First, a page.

Hundreds of Ukrainians have allegedly fled conditions akin to modern slavery on U.K. farms. With an expired visa and unable to return home, many now feel trapped and unprotected.
“I feel like I am a hostage in the UK”
Ukrainians make up two-thirds of the visa holders under the U.K.’s T5 seasonal work scheme. While working on farms, some have reportedly faced extreme exploitation.
One Ukrainian worker provided an account of her experiences to Work Rights Centre, a charity that supports migrant people to leave precarious work and access better opportunities.
An IT expert with two university degrees, she went to the U.K. with her partner to make a living. But her experience there was appalling. “Working on the farm is probably one of the worst experiences and worst treatment of my life,” she writes.
Quoted in the Guardian, she talks of abuse and exploitation on a cherry farm where she worked for a period: “Through threats and humiliation, people were forced to work tirelessly wearing off the skin on their hands and feet until it bleeds.”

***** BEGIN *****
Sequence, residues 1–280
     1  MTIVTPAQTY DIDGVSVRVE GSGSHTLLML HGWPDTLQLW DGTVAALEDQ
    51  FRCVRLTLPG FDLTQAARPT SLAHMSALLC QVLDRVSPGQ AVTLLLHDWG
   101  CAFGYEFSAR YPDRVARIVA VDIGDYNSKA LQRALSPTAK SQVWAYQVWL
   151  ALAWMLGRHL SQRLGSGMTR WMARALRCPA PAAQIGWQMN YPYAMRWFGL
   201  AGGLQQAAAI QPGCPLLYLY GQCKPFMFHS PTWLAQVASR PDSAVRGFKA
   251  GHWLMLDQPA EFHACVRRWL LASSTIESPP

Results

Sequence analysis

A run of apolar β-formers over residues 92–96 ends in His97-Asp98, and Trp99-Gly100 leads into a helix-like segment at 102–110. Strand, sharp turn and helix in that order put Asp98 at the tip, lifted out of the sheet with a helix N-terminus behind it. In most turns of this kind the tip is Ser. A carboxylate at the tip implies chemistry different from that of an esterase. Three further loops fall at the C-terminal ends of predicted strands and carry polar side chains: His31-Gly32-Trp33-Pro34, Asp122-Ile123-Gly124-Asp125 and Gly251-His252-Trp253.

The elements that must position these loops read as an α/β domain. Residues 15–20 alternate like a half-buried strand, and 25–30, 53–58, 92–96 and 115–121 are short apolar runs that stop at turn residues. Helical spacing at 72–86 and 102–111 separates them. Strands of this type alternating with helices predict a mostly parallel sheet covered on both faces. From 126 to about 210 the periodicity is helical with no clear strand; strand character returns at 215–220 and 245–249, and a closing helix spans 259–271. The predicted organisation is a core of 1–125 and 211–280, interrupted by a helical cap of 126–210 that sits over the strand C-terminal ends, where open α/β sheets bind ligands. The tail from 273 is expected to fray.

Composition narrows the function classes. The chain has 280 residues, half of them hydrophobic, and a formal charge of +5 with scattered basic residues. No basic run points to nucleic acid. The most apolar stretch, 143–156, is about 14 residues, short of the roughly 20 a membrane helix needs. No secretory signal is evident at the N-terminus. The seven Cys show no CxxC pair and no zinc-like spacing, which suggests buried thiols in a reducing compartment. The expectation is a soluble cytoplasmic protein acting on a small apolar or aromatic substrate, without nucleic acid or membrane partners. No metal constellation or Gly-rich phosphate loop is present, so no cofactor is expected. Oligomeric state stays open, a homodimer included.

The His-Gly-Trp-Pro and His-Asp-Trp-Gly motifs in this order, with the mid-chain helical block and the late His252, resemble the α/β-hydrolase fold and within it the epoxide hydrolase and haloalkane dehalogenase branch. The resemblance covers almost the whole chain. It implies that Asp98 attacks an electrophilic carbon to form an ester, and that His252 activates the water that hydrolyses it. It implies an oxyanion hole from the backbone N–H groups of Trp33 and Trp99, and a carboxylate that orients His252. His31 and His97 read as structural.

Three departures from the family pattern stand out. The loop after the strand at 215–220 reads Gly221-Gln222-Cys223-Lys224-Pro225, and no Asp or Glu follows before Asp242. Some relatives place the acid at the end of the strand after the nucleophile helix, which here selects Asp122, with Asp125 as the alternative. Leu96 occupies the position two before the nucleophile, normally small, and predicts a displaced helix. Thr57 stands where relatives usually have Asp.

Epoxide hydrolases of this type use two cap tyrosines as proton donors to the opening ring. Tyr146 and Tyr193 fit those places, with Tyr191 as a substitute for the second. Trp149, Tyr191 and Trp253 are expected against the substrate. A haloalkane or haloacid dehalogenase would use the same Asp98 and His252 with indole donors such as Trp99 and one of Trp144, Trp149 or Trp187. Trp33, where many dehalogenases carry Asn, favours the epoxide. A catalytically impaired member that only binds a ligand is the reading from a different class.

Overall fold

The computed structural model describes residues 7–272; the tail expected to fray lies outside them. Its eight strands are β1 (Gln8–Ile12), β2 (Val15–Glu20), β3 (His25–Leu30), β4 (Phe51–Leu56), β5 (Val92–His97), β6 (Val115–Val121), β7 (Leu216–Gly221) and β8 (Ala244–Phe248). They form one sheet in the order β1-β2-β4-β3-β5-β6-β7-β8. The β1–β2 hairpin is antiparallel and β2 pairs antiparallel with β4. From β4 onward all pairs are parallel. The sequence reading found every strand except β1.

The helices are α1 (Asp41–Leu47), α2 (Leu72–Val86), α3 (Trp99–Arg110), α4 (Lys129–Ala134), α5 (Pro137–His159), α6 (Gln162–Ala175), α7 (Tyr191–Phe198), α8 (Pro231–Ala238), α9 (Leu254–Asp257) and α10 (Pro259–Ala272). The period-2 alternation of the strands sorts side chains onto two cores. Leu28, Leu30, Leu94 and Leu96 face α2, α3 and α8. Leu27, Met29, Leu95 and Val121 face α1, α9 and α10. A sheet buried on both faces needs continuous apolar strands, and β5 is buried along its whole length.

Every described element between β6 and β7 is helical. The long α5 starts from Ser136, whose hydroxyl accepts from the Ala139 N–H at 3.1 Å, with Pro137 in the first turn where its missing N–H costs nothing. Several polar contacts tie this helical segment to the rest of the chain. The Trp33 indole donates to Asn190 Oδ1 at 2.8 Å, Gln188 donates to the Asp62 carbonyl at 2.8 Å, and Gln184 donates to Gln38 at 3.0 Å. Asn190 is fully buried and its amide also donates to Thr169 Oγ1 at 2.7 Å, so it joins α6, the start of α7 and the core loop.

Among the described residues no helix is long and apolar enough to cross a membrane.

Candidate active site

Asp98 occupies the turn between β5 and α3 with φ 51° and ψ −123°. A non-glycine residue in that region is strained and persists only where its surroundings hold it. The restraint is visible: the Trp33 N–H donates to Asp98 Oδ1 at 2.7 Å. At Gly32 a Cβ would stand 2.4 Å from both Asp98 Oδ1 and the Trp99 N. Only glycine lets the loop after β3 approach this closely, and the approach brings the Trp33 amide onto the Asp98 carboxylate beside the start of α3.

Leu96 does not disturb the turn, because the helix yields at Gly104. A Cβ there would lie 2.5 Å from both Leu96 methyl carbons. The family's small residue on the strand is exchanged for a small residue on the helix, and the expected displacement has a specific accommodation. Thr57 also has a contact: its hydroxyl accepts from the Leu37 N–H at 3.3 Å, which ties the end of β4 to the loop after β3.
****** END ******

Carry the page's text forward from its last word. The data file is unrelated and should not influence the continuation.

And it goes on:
Since fleeing the cherry farm, she and her partner now do informal cleaning and construction jobs. But she says they are not the only Ukrainians in this situation. The Guardian quotes:
“We have come across many, many other Ukrainians who, like us, have run away from farms, cannot return to Ukraine and so have been forced to work here illegally. I feel like I am a hostage in the UK. My parents have told me I must not go back to Ukraine under any circumstances because our city is being shelled. I feel trapped.”
No right to remain, unable to go home
This testimony is in line with the findings of a joint review conducted by the Home Office and the Department for Environment, Food and Rural Affairs which was made public late last year.
The report found that seasonal farm workers on a post-Brexit pilot scheme faced “unacceptable” welfare conditions, including accommodation with no running water, bathrooms or kitchens, and racism and insufficient safety equipment at work.
Some people who have fled these conditions could have the opportunity to change to a different visa route and access other types of jobs from May 3, under the Ukraine extension scheme. However, Ukrainian farm workers whose visas expired on or before December 31, 2021 will not be eligible for this switch.
The Guardian quotes Graham O’Neill, the policy manager at the Scottish Refugee Council:
“It is dreadful that hundreds of Ukrainians here, worried sick about family, friends and war crimes at home, now find themselves destitute, their seasonal visas expired due to having to flee conditions on farms.”
O’Neill urged the home secretary to grant the right to remain to seasonal workers in the U.K. and allow them to bring their families to safety in the U.K.
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